Step 5. Assume one bounces six inches off the mat 100 times in a minute, moving the weights 1 foot in a curl exercise. That would be moving 10 pounds x 2 feet x 100 times, or 2000 foot/pounds of work in one minute. ... or, if you used 2 pound weights with the same exercise, it would be 4000 foot/pounds of work. . . . or, if you used the three pound weights, 6000 foot/pounds.
That's three tons of work! The skeptic will say, "That's impossible," then go out and lift one-forth of his automobile with a small jack in order to fix a flat.
Step 6. For the purpose of illustration, let's assume that you use the two pound weights moving them an average of one foot while sinking six inches into the mat and bouncing six inches off the mat. You complete the Daily Dozen (a series of exercises shown in "Harry and Sarah Sneider's Olympic Trainer"), 25 repetitions, 3 sets. It takes you 20 minutes. This would be the equivalent of moving a 40 ton freight car 1 foot in 20 minutes, or a Volkswagen up 40 steps in 20 minutes, or curling a 100 pound barbell 200 times in 20 minutes!
That's just calculating the movement of the weights in your hands, what about your body?
Step 7. Assume you weigh 150 pounds and are bouncing high enough to create 2 Gs. At the bottom of the bounce you weigh 300 pounds. Your entire weight is moved upward 1 foot 100 times a minute x 20 minutes, or 600,000 foot/pounds!
That's the equivalent of moving a 300 ton freight train engine1 foot in 20 minutes! Add that to the 40 ton freight car and you will begin to understand why resistive rebounding is destined to revolutionize our concept of weight training. Granted, the springs in the rebounder do some of the work,but that's the beauty of it. Your cells can't tell the difference!
Dr. Kenneth Cooper's Institute of Aerobics Research Studies Rebounding
Anything as amazing as the reported results of rebound exercise doesn't stay hidden forever. Those who begin to enjoy the benefits become disciples. They extol the virtues of rebounding, and soon even the most skeptical come around. Scientists are skeptics by profession. Somebody sent copies of my "Miracles" and "Sneider's Olympic Trainer" to Dr. Kenneth Cooper's Institute of Aerobics Research in Dallas, Texas. Near the end of 1981, I received a telephone call from R. Donald Hagan, Ph.D, Director of Exercise Physiology, telling me that some of the stories in the "Miracles" were simply too hard to believe. When I told him that they were all true, he asked me, "Are they backed by scientific studies?"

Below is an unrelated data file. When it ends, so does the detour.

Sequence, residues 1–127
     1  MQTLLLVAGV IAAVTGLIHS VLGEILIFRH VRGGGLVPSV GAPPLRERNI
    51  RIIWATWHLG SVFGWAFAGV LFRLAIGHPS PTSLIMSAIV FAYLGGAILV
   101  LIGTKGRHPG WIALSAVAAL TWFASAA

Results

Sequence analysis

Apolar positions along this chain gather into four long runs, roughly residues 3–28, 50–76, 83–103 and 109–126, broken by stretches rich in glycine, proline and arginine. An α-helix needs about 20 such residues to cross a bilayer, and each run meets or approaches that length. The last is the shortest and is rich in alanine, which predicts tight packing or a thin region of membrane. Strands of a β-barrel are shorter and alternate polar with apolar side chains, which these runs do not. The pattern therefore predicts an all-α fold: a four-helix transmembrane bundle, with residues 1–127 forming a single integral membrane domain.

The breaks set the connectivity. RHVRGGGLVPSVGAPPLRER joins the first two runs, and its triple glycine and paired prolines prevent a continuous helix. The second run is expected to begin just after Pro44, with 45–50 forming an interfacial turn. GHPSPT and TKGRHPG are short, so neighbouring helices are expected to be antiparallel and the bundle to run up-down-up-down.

"No." I said. "I'm not a scientist. I'm merely reporting what I'm learning."
"Well, we need scientific evidence before we can accept rebound exercise as a viable form of exercise."
"You're a scientist aren't you?" I countered. "Why don't you study rebound exercise and report back to me? Besides, it will be more credible if you perform the study rather than us." I received a letter dated December 10, 1981, confirming our conversation, which began, "It has been a pleasure talking to you about rebound exercise. We are preparing a research proposal to study rebound exercise. . . We would be most interested in evaluating the 'daily dozen charts' outlined in Dr. Sneider's book on rebounding, and any other exercise program that you believe people would be interested in knowing about."
The report of the completed study came across my desk six months later. They must have been impressed because this is the way it started out.